Searching for "C++" gives you a big list, (no surprise, due to it's complexity), but I'm looking for the first in a series, so I change the "list order" from "relevance" to "released", feeling like an idiot, I change again to "released desc", thinking that the first vid would be and intro video, but how naive of me, ALL videos are released on the same date. Now I sort by price as I suspect the first might just be free and FINALLY I find my "C++ Programming - 0101 Introduction". I now see that this language specific series are placed in the "general programming category", and my heart dies as there are no link to "next video" nor a link to a "playlist" from this series of videos, and my life has lost 15 minutes of productive time to bad UI.
Now I've decided that this series is for me, (I can stand the voice and it's all what I want from tutorial vids)! I want access to it, GREAT! Now I'm not rich so the pricing is great! But I want to buy the series or at least the first ten episodes of a course, so I can watch it all continually, but alas I'll have to buy one at a time, (using even more of the time I should be using for something constructive, like finish that Android app my customer have paid me in advance for).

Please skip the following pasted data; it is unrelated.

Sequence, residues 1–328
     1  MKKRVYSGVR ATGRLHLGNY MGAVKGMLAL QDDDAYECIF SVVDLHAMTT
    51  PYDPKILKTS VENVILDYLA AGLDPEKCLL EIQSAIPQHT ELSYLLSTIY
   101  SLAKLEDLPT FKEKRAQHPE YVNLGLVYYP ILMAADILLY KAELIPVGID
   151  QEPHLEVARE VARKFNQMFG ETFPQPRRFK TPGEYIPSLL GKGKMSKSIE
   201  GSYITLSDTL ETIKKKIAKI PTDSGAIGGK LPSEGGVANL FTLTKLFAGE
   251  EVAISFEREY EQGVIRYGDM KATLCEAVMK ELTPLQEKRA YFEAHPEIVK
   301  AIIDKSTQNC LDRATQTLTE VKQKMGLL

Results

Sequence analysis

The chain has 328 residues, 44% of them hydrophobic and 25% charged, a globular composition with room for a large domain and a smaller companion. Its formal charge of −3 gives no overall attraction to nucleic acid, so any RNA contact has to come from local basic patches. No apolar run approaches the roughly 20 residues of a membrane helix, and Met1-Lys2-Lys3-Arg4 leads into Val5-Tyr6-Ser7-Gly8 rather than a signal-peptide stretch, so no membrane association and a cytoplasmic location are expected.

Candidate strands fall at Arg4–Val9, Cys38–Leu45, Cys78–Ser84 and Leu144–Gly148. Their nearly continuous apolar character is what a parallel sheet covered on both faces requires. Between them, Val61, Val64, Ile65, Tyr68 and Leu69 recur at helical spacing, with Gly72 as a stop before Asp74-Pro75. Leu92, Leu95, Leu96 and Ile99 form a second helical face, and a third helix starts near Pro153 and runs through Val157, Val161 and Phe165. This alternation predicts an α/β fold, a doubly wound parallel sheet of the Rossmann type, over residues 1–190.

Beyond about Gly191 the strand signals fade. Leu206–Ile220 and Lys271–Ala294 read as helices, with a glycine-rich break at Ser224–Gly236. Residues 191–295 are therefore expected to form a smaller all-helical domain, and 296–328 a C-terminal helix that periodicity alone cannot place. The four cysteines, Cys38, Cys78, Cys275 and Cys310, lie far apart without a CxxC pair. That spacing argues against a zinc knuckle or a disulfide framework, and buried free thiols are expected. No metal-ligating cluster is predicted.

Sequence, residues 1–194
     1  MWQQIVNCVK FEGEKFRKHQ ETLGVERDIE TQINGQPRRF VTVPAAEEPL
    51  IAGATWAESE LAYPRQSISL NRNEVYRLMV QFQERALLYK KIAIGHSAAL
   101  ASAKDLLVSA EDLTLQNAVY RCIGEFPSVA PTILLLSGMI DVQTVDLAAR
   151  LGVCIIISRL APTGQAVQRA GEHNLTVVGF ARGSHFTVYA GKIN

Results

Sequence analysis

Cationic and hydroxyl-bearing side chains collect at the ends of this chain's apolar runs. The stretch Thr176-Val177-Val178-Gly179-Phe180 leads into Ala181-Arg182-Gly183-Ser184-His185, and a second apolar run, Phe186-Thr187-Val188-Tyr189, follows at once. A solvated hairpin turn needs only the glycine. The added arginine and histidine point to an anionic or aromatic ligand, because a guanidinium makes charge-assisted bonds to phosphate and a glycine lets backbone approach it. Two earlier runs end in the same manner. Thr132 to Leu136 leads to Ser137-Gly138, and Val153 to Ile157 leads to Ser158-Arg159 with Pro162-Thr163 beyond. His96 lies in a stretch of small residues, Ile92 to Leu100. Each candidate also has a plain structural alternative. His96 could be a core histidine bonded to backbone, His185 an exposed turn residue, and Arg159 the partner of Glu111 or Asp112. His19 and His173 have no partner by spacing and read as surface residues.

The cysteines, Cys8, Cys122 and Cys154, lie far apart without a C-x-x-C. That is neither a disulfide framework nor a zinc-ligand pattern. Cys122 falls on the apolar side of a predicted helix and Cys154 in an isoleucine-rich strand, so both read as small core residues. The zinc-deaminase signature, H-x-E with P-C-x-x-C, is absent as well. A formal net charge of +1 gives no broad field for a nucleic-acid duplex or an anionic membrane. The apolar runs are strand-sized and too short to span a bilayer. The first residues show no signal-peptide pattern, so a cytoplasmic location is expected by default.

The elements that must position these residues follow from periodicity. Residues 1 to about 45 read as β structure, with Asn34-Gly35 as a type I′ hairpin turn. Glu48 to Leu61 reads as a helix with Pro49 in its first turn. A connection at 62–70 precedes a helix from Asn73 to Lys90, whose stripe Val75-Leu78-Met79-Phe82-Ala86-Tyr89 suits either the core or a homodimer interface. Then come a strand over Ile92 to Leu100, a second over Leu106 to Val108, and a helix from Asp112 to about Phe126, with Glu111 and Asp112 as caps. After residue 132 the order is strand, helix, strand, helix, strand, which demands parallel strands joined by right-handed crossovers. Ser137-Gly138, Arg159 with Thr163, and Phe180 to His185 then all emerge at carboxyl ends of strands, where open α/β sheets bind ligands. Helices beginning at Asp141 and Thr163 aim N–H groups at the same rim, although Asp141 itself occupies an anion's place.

This is like communism or pure capitalism, it works wonderfully on paper, but reality isn't able to make it work as envisioned.
I'd use it for it's quality and low pricing, but I'll stick to learning or brush up on programming techniques and languages from a ten year old kids for free on YouTube, with much less time wasted.
Sorry to be so negative but I'm a big believer in Bill Gates' idea that a good UI should be defined by the amount of clicks and/or keypress actions done by the users, where good means few. (it might not have been Bill Gates' idea but my professor told me so back in school, so there's a 50/50 chance of him being right)
I mean, just being popular doesn't make the course good.
Conversely, if a course is not very popular, but the students who down vote it are from the party! party! mentality gang, then that is a disservice to both the prospective student and the teacher.